Israel’s top security brass have all condemned settler violence, but in practice the authorities have done almost nothing to combat the phenomenon. The primary tool used, which is more pre-emptive than punitive, is putting settlers in administrative detention, a practice in which people are held without charge or trial. Twelve Jewish Israelis have been administratively detained in the past year by order of the defence minister, a record number, and around eight remain in custody. A senior defence official told Crisis Group that while administrative detention is not ideal in a democratic country, Israel uses it to protect the sensitivity of information and the sources used to obtain intelligence. Over 2,000 Palestinians are currently in administrative detention. Many of them have been held for years, as authorities can renew the order every six months indefinitely.

” By and large … the government fails to penalise perpetrators of settler violence. “

By and large, however, the government fails to penalise perpetrators of settler violence, as the police, who are much fewer in number in the West Bank (excluding East Jerusalem) than in Israel, seldom collect evidence or see a criminal probe through. The police – the body charged with enforcing the law on Israelis in the West Bank (soldiers are authorised to detain Israelis to prevent harm but largely are not trained to do so) – often deflect responsibility on to the army, which is heavily deployed throughout the West Bank, while the IDF claims it is the police’s job. Since 2005, Yesh Din has monitored 1,597 investigations in cases of violence by Israeli civilians against Palestinians in the West Bank (excluding East Jerusalem). Of the 1,531 completed inquiries, prosecutors filed indictments in just 107 cases (7 per cent), which means that 93 per cent were closed without legal action. According to Yesh Din, only 3 per cent of the investigations have led to a conviction.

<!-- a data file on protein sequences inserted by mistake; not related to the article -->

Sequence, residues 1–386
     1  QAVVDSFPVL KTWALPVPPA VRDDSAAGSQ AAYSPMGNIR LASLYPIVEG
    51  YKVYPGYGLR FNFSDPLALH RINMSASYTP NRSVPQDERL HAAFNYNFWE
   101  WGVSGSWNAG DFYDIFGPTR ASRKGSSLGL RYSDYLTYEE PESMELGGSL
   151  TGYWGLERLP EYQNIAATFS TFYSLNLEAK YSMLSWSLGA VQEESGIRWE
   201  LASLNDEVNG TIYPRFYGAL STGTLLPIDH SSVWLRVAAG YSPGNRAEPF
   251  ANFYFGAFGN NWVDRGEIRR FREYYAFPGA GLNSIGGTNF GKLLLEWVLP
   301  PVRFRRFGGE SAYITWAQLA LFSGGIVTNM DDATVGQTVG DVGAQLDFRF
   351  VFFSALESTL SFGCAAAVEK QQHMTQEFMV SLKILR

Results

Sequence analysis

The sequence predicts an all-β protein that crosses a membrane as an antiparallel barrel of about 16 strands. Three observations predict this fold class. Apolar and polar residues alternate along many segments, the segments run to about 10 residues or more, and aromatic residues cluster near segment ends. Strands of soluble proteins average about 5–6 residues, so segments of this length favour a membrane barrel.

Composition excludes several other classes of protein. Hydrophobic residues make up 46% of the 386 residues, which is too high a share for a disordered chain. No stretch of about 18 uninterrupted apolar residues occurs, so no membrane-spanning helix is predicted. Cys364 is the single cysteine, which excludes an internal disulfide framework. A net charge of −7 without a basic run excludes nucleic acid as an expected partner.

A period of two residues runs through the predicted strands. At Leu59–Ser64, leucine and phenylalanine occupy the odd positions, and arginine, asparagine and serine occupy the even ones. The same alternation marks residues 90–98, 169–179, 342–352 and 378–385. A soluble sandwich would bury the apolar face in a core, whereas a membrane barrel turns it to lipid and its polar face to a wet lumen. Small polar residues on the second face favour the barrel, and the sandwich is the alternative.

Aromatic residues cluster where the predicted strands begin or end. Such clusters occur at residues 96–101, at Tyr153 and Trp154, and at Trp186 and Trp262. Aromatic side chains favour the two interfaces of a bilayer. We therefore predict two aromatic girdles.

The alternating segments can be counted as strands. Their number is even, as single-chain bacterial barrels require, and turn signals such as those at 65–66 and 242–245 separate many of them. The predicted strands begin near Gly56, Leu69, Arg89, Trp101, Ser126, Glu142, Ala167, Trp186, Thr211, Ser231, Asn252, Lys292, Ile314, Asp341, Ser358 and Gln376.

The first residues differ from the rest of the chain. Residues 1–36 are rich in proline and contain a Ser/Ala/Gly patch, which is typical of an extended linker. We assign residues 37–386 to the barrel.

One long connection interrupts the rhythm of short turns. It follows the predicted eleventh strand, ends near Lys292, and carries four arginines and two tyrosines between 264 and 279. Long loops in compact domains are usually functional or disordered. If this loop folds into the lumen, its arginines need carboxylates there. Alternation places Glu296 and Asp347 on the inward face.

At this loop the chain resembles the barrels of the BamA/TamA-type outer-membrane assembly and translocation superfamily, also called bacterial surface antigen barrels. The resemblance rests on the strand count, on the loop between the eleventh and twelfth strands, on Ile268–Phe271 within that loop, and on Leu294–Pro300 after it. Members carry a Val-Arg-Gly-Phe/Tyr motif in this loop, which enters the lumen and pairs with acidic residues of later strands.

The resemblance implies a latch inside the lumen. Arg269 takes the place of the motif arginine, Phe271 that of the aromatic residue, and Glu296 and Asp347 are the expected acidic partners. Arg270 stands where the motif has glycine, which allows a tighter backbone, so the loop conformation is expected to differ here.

With the rise in incidents since 7 October, Ronen Bar, director of Shin Bet, Israel’s internal security service, warned the war cabinet on 30 October that settler violence could trigger further dangerous escalation in the West Bank. Yet the IDF is overstretched, with all conscripted soldiers deployed along the southern border with Gaza or already inside the strip, as well as on the northern border with Lebanon, leaving just reservists to guard Israeli settlements in the West Bank. Many of these reservists are themselves settlers, who additionally are often charged with doing their reserve duty protecting their own communities. Since 7 October, the army has used Order 8 – an emergency call-up of reservists in wartime – to recruit volunteer rapid response teams of settlers to guard the settlements and given them IDF uniforms to wear. This step further blurs the boundary between settlers and soldiers.